Data are included for field surveys conducted for freshwater mussels within the Pine Creek watershed in the Mid-Atlantic region of the United States. Timed search (qualitative) surveys were conducted in ~200 meter sections of river between 1995 and 2009; The number of mussels of each species and associated search time were recorded for each survey section to determine a catch per unit effort (CPUE; number of individuals found per person hour).
Data are included for laboratory studies evaluating the thermal biology of several freshwater mussel species and their host fish including dwarf wedgemussel (Alasmidonta heterodon), brook floater (Alasmidonta varicosa), creeper (Strophitus undulatus), eastern elliptio mussel (Elliptio complanata), tesselated darter (Etheostoma olmstedi), and slimy sculpin (Cottus cognatus). Thermal endpoints include critical thermal maximum, temperature preference, oxygen consumption rates, and clearance rates of organisms acclimated to a range of temperature treatments.
To identify potential biomarkers of salt stress in the freshwater mussel Elliptio complanata, we examined transcriptional responses of the common mussel Elliptio complanata to controlled NaCl exposures. The data set is a table of counts, with the rows being the transcripts detected in the samples in the experiment and the columns identifying the samples. Four mussles were exposed to normal freshwater and four mussels were exposed to high salinity (two ppt), for a period of seven days.
Data are included for two types of field surveys conducted for freshwater mussels within the Neversink River in the Mid-Atlantic region of the United States. Timed search (qualitative) surveys were conducted in consecutive ~200 meter sections of river in 2006 and 2007; a subset of these sections were re-surveyed qualitatively in 2009. The number of mussels of each species and associated search time were recorded for each survey section to determine a catch per unit effort (CPUE; number of individuals found per person hour). Within the 2009 qualitatively surveyed areas, ten ~200 meter sections of stream were selected in which to conduct quantitative surveys to estimate mussel abundance. Quantitative survey methods...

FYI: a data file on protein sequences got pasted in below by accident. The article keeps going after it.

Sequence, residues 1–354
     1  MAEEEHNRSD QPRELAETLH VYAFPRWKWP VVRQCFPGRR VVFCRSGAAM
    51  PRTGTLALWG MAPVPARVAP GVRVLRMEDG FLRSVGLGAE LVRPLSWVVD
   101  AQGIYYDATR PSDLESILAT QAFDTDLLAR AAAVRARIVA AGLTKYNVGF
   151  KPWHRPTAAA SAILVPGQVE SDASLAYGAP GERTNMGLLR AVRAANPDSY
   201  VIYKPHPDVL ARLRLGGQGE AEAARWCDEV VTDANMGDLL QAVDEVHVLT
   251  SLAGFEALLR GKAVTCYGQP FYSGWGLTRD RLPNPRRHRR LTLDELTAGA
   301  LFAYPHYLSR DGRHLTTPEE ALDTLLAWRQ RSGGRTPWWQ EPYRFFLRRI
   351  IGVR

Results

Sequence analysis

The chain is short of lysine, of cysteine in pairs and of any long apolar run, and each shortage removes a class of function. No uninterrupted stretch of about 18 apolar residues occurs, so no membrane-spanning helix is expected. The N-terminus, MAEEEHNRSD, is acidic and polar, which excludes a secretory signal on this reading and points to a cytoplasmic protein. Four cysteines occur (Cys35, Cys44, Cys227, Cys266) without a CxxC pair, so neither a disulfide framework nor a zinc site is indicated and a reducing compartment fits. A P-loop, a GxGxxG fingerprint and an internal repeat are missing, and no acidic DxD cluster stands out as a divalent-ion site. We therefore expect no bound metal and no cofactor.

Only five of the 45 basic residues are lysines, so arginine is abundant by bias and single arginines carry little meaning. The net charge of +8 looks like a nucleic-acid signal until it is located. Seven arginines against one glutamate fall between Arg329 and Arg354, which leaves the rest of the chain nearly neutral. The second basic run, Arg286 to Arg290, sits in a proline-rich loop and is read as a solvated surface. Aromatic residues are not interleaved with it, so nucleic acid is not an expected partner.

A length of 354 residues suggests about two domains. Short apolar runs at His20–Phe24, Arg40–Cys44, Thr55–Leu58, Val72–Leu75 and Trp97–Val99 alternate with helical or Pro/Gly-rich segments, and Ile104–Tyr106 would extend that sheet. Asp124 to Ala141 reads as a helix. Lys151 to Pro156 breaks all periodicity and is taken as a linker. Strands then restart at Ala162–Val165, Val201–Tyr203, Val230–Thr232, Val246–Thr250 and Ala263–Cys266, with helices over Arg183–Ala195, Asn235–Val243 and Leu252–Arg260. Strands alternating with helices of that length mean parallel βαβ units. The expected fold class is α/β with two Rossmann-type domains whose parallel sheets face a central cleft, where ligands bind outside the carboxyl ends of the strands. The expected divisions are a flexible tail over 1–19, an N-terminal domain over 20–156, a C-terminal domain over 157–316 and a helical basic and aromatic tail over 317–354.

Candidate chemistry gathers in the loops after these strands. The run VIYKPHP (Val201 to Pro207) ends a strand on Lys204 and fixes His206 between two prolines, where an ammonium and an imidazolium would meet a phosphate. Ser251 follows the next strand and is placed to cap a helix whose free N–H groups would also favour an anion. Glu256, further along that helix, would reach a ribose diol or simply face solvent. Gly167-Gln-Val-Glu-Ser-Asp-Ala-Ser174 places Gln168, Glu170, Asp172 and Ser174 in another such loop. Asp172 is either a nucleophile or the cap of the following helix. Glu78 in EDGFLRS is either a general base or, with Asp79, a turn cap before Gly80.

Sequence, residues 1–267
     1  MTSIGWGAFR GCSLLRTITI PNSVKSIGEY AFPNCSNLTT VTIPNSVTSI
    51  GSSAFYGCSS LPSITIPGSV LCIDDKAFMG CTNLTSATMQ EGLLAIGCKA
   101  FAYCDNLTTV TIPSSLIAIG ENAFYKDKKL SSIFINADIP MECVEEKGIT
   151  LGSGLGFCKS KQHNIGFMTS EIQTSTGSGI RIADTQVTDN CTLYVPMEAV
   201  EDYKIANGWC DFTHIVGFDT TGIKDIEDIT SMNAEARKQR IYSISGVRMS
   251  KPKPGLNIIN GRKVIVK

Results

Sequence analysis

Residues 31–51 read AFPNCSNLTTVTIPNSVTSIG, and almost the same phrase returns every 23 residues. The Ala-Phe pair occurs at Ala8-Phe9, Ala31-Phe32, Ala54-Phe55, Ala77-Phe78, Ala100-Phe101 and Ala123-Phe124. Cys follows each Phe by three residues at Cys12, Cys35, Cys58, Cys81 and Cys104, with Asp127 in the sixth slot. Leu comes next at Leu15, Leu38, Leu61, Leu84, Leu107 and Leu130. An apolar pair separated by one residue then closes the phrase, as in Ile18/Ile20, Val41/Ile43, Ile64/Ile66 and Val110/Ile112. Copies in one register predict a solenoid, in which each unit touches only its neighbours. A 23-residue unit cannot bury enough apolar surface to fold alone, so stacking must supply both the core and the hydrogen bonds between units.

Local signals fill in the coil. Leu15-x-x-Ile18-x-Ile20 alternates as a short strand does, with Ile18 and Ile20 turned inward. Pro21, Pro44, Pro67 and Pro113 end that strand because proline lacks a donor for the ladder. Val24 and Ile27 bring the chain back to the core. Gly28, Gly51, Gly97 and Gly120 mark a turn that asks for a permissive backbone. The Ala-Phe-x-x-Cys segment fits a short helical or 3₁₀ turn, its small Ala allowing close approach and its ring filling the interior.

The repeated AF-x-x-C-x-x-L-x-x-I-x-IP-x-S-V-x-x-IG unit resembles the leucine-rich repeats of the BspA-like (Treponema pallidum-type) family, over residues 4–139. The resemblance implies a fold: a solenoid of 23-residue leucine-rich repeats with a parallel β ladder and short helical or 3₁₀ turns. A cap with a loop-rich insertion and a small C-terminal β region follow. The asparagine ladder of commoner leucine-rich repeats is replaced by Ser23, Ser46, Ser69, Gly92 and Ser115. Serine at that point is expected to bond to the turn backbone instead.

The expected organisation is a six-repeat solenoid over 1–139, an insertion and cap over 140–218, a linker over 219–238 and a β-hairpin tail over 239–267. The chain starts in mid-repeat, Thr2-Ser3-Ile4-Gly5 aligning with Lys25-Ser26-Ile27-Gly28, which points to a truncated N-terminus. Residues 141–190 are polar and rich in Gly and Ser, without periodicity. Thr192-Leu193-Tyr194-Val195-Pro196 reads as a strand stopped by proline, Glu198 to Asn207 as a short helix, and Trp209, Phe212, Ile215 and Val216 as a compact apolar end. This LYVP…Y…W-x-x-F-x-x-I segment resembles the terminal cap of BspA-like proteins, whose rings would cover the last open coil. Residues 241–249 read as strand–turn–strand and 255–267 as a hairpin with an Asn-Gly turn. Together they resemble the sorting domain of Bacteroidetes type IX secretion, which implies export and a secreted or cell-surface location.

Data are included for two types of field surveys conducted for freshwater mussels throughout the Susquehanna River Basin (and one site in the Potomac River Basin) in the Mid-Atlantic region of the United States from 2008-2010. Timed search (qualitative) surveys were conducted in consecutive ~200 meter sections of river (at least 8 in each stream). The number of mussels of each species and associated search time were recorded for each survey section to determine a catch per unit effort (CPUE; number of individuals found per person hour). Within qualitatively surveyed areas, one ~200 meter section of stream was selected in which to conduct quantitative surveys to estimate mussel abundance, assess presence of juvenile...
The Delaware River pilot study will integrate biophysical information on freshwater mussels into a stated preference nonmarket valuation household survey to estimate the ecosystem service benefits of clean water supply to downstream users. The Delaware River basin is home to a healthy and substantial freshwater mussel population which has been characterized on a nearly continuous basis for the entire river. It is also unique in that a decision support system (known as the REFDSS) has been developed for the basin as part of the Department of the Interior’s WaterSMART initiative and the USGS’s National Water Census to facilitate management of key ecological resources in the river. Because of the well-established...